For Calculus II, Lunsford offered us an opportunity for extra credit by reading and writing a short essay on "The Weight of Glory" by C. S. Lewis. I'm not sure why I even did it, because I believe at this point it may be irrelevant. However, I did it anyway, because it wasn't like I had too much to do.
"The Weight of Glory" is a sermon done by Lewis in Oxford about the true meaning of glory. I won't go through all of it (I'm strongly suggesting you read it for yourself), but the gist of it is human life is infinitely valuable. He says that we are sitting on the fence between unimaginable glory through being recognized by God and eternal damnation in which God forgets us.
God forgetting? Is that even possible?
Think about the weight of that. God recognizing us, alone, is incredible. You've heard from the Bible that when we come to the gates of Heaven we will either hear, "Well done, good and faithful servant," or "I never knew you. Depart from Me." How...scary is that? We are standing on the brink of both possibilities. How important is it, then, that we help each other along? Lewis suggests that we should worry more about helping others achieve their glory than struggling to find our own. We should take each other seriously in all that we do, recognizing the worth of each person, that each and every one of us is on the same fence - without exception. We must respect that in one another.
The people that are important to you, the people you can't live without: Do you not want to remember them? More than that, do you not want God to remember them? I don't believe we understand the overwhelming weight of what this means! Imagine yourself forever erased from everyone's memory, like you were never there. Ignored and left to pity your own fate. You would have memories of a life, but what does that mean? What are memories, ultimately, when you've no one to share them with? And to be rejected by the very God who created you, who had a plan for your life that you neglected, who unconditionally loved you when you did nothing but rebel against Him because of your own pride; what are you then? You're not even a faint glimmer of a memory. You are nothing.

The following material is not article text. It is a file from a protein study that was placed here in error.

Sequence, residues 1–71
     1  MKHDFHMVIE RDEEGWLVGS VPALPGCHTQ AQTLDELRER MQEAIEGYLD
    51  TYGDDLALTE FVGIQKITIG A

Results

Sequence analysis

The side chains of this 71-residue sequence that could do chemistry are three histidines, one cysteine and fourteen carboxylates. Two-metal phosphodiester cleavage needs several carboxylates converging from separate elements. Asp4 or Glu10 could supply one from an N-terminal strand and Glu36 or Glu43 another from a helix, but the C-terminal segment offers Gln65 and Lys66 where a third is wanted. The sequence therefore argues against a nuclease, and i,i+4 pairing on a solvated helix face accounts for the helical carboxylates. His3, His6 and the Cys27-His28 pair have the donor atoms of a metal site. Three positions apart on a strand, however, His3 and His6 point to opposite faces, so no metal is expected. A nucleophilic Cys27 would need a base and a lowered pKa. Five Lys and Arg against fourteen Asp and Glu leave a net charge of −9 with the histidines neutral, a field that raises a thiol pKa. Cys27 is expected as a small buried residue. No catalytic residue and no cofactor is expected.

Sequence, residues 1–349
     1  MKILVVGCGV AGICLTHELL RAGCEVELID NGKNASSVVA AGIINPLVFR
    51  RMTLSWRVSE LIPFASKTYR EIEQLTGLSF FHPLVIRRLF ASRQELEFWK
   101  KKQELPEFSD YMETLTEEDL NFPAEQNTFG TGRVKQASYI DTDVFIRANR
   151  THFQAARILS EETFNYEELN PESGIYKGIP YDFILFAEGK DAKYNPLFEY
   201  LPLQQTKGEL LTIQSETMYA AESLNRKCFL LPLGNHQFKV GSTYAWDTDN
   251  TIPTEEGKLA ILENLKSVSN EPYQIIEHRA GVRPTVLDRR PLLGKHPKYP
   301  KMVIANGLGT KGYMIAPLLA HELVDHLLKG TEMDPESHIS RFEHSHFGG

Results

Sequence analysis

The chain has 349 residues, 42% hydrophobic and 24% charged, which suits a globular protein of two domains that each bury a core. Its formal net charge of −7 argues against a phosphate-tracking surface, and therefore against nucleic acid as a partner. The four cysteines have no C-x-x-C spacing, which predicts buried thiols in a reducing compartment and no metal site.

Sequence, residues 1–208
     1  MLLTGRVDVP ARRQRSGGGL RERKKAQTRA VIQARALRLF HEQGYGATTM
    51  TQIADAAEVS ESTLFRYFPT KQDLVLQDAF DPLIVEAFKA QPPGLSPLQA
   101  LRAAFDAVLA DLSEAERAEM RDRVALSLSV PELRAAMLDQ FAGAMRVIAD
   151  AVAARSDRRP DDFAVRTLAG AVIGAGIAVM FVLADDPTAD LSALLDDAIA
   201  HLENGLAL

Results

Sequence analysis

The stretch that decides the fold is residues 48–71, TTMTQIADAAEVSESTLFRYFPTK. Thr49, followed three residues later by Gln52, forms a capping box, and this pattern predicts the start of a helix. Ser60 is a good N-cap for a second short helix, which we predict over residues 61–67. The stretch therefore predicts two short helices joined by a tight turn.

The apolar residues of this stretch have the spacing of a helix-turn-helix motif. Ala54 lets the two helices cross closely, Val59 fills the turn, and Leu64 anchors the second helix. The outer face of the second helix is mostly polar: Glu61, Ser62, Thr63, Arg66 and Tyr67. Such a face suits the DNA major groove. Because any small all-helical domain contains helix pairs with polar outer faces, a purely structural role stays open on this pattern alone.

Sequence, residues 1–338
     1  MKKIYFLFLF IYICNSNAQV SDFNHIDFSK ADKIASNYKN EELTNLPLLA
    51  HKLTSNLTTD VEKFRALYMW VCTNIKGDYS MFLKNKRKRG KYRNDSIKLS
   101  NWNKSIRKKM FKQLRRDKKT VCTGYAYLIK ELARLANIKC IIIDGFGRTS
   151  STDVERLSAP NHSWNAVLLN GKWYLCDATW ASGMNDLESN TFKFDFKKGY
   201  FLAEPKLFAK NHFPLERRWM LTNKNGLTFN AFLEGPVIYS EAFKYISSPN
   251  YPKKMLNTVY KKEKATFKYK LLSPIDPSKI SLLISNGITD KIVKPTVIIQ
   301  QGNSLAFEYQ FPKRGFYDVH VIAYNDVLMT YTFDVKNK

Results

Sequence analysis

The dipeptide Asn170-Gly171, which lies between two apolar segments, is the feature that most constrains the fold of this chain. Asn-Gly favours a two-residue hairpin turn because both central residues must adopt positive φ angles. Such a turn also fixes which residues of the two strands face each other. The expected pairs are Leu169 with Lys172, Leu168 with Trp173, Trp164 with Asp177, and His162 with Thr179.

But being acknowledged by God! How we long each day for someone to look at us and say, "You know what, I'm glad you're here. I'm glad you're alive." How incredibly uplifting that is! And how many times do we say it? We long to be recognized. We desire to be thought of as worth someone's time. It is so despairing to wonder if you are truly wanted, if anybody even sees you - really, truly sees you. If we so deeply care about what people think about us, how much more should we care about how God sees us. The epitome of rectification through acknowledgment lies in God. We do things for God's glory, but it is also adding to our own. That is not to say that some will have more glory than others; such is not the case. We are only truly glorified through God.
I feel as though I go from day to day seeking validation. I wait for someone to notice me, to want me around, to know who I am and to love me all the same. And I'm sure you do the same. Everyone waits for the words, "I'm glad you're here." It is then that we find life worth living. It is then that we long to turn our attention to others, because it is then that we feel we have something to offer.